Is it just an unfortunate coincidence that the signals from these two young hen harriers failed after they were tracked to these two moors? It could well be. But it’s very hard to be optimistic when we hear that the hen harrier in England is just four precious nests away from extinction (see here).

Perhaps one of these days the Langholm Project officials will deem us all worthy of knowing all the facts about this publicly-funded project, which would allow us all to draw our own conclusions instead of being spoon-fed a clearly sterilised version of events.

Perhaps you don’t want to wait for something that might never happen though. In which case, you can email the Natural England spokesperson for the Langholm Project (press officer Emma Lusby) and ask her yourself: emma.lusby@naturalengland.org.uk


8 Responses to “Environment Minister ‘answers’ question about the lost Langholm hen harriers”


  1. 1 Circus maxima
    December 9, 2011 at 7:43 pm

    Include the words “freedom of information act” and ask for the last known co-ordinates.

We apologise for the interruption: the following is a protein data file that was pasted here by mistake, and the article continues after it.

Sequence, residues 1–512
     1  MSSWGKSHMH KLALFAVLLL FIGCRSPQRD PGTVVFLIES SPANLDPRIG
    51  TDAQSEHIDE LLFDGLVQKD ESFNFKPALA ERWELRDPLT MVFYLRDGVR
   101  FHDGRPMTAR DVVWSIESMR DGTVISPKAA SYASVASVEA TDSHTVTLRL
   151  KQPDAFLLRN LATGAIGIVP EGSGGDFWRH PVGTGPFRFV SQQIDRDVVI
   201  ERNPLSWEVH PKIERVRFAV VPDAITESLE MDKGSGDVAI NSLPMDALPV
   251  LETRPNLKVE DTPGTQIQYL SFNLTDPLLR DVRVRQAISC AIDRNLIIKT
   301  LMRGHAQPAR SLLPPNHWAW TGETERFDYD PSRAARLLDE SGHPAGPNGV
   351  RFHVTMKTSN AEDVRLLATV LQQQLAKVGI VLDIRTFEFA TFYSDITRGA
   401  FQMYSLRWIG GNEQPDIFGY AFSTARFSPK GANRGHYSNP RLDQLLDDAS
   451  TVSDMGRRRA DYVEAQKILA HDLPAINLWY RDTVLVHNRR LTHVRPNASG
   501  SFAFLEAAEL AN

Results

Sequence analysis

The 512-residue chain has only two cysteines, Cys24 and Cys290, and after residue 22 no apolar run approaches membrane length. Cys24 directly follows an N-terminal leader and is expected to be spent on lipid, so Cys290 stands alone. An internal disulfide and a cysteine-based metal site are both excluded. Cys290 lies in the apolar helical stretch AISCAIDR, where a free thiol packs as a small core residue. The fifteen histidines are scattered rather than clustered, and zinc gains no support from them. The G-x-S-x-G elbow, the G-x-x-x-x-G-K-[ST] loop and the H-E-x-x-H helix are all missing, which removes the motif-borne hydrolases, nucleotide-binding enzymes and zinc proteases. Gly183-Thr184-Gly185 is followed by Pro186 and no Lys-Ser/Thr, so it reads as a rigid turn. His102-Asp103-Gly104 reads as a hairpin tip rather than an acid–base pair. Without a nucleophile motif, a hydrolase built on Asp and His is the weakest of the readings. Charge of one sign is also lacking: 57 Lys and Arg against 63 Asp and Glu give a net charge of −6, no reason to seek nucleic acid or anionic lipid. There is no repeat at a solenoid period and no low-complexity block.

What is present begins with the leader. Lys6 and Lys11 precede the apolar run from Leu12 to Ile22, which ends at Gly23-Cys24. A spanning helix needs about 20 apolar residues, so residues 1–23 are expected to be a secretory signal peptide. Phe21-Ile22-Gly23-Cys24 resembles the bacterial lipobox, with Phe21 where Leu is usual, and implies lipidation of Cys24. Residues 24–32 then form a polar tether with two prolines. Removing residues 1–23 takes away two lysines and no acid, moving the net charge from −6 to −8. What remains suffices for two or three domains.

SNH are not government advisors…..they only tell the government what they want to know.

  2. December 9, 2011 at 8:23 pm

    It seems strange that the signals from all 6 transmitters stopped well within the expected lifetime transmission period, you would have thought that at least two or three of them would continue transmitting long enough to determine where the birds, (or transmittors) were located. If the technology is so poor as to be so unreliable in use they should look for some other more reliable method of tracking. Having a reasonable knowledge of electronics, I would say it was more likely some other fate caused them to stop transmitting, and I’m sure we all have a good idea what that fate was !!!

  3. 3 Mike Price
    December 10, 2011 at 10:12 pm

    Along with the Hen Harrier that Roy Dennis tagged in 2010 and 2011, either there is a serious problem with these transmitters or the percentage of raptors disappearing in the black hole is far larger than anyone has proven, what are the chances of so many of the these birds that are carrying transmitters suddenly disappearing?